Proposed settlement in a class action against Sirius XM Radio over customer data


April 9th, 2021

Loewenthal (the “Plaintiff”) vs Sirius XM Radio et al (the “Defendants”)
Ontario Superior Court of Justice (Court File No. CV-20- 00648610-00CP)

The APA received several inquiries about the settlement in this case, which sees the lion`s share going to attorney`s fees and nothing to Sirius XM subscribers. Here`s some information that provides a more complete picture than what`s in the notice from Sirius XM.

Backgrounder on the SiriusXM class action settlement

The concern was that Sirius XM was engaged in the collection, storage and use of customer data and Personal/Private Information without obtaining adequate consent as required under the Personal Information Protection and Electronic Documents Act (PIPEDA) and privacy law in Canada.

Class members were customers who purchased, leased, or repaired a new or used vehicle and were automatically enrolled in a free monthly trial for SiriusXM. The customer data is accessed or gathered by Sirius XM when the car leaves the lot. It can happen without their knowledge and/or without their informed consent, whether they want the trial or not. Sirius XM stated in its privacy policy that it may keep this data "indefinitely" and may share it with third parties. Sirius XM maintains that solicitations for subscriptions and renewals fall within the auto dealership and/or auto manufacturer agreement that Sirius XM negotiates with the automakers and requires franchised dealerships to follow.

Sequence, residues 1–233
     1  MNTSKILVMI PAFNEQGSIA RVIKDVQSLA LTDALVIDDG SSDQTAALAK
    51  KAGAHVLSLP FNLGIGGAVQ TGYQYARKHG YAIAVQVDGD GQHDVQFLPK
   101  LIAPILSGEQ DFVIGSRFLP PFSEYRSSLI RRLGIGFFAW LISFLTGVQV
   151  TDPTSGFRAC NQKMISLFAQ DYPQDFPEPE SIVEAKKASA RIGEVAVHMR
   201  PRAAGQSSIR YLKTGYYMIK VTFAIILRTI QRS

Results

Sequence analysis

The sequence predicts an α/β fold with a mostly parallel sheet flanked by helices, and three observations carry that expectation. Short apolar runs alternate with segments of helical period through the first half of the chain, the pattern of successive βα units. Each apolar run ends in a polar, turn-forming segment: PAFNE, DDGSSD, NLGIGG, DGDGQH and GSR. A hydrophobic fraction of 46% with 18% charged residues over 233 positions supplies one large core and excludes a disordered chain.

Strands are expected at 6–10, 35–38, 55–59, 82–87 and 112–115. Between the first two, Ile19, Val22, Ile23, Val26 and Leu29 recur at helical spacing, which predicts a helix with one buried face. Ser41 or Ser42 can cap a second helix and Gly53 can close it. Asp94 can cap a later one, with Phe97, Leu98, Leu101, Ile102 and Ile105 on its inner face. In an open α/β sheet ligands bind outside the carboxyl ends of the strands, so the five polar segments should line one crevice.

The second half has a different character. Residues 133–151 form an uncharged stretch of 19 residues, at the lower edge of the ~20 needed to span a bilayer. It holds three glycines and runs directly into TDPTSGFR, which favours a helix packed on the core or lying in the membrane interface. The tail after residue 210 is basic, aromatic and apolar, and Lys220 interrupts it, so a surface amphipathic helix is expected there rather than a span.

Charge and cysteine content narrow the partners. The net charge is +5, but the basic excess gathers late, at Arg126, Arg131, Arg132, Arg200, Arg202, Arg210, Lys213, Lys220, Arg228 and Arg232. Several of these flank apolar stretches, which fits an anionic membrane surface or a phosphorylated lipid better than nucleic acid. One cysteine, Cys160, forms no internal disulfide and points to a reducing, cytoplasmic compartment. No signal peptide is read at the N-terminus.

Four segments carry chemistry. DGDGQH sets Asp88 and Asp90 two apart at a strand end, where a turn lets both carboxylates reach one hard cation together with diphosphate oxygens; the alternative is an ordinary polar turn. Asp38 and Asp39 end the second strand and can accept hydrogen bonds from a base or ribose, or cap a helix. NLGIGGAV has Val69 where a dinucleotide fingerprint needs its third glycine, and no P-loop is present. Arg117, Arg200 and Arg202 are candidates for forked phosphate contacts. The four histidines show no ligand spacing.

After obtaining partial information from Sirius XM, the plaintiff`s lawyers were unable to determine if any privacy breaches had occurred based on the information they received. SiriusXM offered to settle the action and make a goodwill contribution toward the study of privacy issues related to auto sales. The alternative was to try to obtain certification of the action and litigate with the risk of a hefty cost award against the plaintiff if the action failed. In Ontario, the successful side in a class action can ask for a substantial cost award from the opposing party.

 



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The four law firms that planned to litigate the case in British Columbia and Ontario decided to drop it because they couldn`t prove a breach that would open the door to damages. In exchange, SiriusXM agreed to cover their fees and costs, and make a goodwill contribution to promote privacy issues relating to the sale of automobiles. (Often settlements like this also prompt defending companies to tighten up their internal processes, but that is outside the agreement.)